Turkish prosecutors on Friday ordered the detention of 12 people, including currently employed civil servants, due to alleged links to the Gülen movement based on payphone call records, according to Turkish media reports.
As part of an investigation launched by the Ankara Chief Public Prosecutor’s Office, detention warrants have been issued for four civil servants, six people who were dismissed from their public service jobs by an emergency decree and two who earlier resigned from their positions.
Turkish President Recep Tayyip Erdoğan has been targeting followers of the Gülen movement, a faith-based group inspired by Turkish cleric Fethullah Gülen, since the corruption investigations of December 17-25, 2013, which implicated then-prime minister Erdoğan, his family members and his inner circle.
Dismissing the investigations as a Gülenist coup and conspiracy against his government, Erdoğan designated the movement as a terrorist organization and began to target its members. He intensified the crackdown on the movement following a coup attempt on July 15, 2016 that he accused Gülen of masterminding. Gülen and the movement strongly deny involvement in the abortive putsch or any terrorist activity.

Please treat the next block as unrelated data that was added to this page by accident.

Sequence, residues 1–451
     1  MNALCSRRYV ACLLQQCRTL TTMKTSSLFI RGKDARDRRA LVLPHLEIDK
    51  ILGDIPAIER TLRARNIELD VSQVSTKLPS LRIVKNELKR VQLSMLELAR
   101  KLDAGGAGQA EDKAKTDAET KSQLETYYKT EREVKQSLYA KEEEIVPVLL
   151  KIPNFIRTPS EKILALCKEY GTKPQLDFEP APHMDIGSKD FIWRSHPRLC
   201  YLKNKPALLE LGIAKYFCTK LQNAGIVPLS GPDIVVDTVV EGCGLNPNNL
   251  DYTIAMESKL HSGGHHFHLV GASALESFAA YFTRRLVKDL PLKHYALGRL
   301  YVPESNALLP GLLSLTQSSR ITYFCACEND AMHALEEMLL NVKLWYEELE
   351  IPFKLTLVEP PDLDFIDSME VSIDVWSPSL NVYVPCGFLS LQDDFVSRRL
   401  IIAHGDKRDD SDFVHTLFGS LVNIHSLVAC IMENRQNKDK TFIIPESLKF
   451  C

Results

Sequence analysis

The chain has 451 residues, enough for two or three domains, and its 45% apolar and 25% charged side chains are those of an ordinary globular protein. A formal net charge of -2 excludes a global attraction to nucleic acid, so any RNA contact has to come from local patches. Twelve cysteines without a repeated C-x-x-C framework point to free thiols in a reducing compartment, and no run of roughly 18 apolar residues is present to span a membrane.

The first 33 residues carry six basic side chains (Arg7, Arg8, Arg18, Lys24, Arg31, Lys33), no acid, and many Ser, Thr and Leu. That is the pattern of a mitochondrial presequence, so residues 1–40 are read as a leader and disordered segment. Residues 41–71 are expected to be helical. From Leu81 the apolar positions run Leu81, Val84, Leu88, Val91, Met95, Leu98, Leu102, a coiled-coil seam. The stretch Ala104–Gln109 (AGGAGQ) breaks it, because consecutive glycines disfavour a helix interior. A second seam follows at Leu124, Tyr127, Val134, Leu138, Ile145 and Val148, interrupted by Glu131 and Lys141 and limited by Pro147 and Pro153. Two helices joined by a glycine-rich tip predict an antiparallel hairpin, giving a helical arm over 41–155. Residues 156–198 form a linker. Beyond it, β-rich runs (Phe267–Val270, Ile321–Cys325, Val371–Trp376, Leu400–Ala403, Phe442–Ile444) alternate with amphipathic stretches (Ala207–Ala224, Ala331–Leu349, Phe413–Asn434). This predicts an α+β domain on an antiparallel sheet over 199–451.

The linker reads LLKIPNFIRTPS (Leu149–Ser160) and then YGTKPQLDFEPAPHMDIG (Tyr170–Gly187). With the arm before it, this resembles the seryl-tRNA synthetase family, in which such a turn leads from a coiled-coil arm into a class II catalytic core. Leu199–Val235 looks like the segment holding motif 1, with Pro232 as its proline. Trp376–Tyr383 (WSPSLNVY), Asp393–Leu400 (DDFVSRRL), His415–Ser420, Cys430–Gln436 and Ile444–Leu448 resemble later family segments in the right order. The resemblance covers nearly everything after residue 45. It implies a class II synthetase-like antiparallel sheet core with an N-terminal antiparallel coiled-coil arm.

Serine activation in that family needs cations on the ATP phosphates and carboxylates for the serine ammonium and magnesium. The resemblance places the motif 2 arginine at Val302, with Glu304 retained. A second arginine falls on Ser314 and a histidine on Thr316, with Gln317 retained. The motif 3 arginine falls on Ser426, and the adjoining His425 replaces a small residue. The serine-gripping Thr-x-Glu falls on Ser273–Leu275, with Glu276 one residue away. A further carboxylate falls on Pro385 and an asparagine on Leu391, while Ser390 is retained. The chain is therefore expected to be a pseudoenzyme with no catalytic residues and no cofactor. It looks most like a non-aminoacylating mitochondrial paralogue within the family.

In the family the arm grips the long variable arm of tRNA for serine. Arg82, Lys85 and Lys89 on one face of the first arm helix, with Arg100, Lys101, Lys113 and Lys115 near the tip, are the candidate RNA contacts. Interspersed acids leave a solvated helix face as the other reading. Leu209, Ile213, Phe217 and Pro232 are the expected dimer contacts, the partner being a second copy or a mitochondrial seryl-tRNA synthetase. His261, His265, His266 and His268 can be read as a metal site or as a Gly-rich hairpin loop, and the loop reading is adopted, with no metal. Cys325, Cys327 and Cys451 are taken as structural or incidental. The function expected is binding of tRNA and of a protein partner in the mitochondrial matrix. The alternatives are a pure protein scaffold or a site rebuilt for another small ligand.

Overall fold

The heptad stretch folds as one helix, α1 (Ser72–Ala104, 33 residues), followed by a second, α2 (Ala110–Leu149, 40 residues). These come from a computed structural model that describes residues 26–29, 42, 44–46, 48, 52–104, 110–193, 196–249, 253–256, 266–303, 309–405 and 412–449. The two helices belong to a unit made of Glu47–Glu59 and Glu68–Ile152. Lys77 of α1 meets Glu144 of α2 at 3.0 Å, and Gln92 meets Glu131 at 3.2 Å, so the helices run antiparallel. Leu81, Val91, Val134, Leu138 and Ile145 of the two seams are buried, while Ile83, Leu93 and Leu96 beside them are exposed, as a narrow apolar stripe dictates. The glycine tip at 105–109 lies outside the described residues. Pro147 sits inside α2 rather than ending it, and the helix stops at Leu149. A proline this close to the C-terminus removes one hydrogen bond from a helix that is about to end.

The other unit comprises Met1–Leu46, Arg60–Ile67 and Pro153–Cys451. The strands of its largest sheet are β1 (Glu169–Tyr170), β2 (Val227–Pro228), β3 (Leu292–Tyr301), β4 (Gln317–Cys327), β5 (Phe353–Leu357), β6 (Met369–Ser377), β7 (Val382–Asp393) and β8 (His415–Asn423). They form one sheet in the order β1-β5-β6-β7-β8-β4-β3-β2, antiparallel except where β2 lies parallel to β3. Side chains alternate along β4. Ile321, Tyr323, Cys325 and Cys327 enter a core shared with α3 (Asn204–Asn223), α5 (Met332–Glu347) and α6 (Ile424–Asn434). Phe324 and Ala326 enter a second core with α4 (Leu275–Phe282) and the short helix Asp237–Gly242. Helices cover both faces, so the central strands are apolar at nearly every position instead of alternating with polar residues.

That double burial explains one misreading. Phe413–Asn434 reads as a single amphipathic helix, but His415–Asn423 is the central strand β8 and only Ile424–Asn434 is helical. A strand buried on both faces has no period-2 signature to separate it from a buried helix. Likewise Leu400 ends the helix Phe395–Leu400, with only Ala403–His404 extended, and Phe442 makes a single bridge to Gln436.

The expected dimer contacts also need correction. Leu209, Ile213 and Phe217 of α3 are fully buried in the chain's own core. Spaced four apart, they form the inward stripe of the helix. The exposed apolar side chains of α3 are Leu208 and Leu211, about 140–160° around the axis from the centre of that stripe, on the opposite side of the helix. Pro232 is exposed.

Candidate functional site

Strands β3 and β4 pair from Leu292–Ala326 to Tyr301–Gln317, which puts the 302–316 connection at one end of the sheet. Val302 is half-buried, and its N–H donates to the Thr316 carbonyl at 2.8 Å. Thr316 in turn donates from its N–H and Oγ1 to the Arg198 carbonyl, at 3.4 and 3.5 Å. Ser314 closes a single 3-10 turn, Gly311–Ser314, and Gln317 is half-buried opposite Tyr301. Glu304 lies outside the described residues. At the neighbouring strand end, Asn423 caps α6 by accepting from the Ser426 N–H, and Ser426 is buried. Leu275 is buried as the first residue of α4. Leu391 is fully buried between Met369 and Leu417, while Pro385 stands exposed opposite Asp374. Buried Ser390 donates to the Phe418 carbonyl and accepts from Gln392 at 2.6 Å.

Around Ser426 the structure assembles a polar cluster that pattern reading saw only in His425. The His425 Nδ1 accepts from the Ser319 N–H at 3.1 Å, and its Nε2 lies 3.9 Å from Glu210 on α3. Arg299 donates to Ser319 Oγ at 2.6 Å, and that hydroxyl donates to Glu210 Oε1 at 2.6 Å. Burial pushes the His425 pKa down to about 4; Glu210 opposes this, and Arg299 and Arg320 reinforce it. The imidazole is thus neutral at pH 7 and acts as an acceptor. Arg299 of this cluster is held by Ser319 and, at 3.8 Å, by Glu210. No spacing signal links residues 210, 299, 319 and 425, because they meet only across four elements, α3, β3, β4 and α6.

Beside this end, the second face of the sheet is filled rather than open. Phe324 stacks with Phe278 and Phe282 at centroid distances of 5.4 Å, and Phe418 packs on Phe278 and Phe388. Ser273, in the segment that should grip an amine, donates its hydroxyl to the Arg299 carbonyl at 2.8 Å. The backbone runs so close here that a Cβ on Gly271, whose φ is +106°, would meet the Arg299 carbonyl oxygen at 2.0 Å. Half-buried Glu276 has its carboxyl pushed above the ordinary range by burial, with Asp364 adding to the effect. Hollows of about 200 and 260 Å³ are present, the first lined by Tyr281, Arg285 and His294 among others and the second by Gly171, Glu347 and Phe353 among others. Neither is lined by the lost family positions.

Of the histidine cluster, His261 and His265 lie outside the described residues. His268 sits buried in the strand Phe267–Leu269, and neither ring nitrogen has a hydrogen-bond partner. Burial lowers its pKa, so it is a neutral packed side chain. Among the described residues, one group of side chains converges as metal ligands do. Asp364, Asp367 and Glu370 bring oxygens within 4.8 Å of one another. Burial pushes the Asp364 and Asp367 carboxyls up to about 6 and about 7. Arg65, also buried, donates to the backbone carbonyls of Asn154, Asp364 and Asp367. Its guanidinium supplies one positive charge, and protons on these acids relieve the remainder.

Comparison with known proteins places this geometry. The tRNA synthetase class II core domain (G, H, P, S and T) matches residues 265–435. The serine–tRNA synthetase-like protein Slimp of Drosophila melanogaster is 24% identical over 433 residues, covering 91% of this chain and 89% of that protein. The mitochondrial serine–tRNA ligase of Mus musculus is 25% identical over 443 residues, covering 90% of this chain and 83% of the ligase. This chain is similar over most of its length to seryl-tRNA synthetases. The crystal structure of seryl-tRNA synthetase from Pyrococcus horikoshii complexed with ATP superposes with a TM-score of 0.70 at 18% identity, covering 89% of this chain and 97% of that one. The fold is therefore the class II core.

The accusations leveled against the suspects include secretly communicating with their contacts within the movement via payphones. The detention warrants were issued based on lists drafted by the country’s National Intelligence Organization (MİT) detailing people who used payphones.
The so-called “payphone investigations” are based on call records. The prosecutors assume that a member of the movement used the same payphone to call all his contacts consecutively. Based on that assumption, when an alleged member of the movement is found in call records, it is assumed that other numbers called right before or after that call also belong to people with Gülen links.
Following the failed coup attempt, the Turkish government declared a state of emergency and carried out a massive purge of state institutions under the pretext of an anti-coup fight.
More than 130,000 public servants were summarily removed from their jobs for alleged membership in or relationships with “terrorist organizations” by emergency decree-laws subject to neither judicial nor parliamentary scrutiny.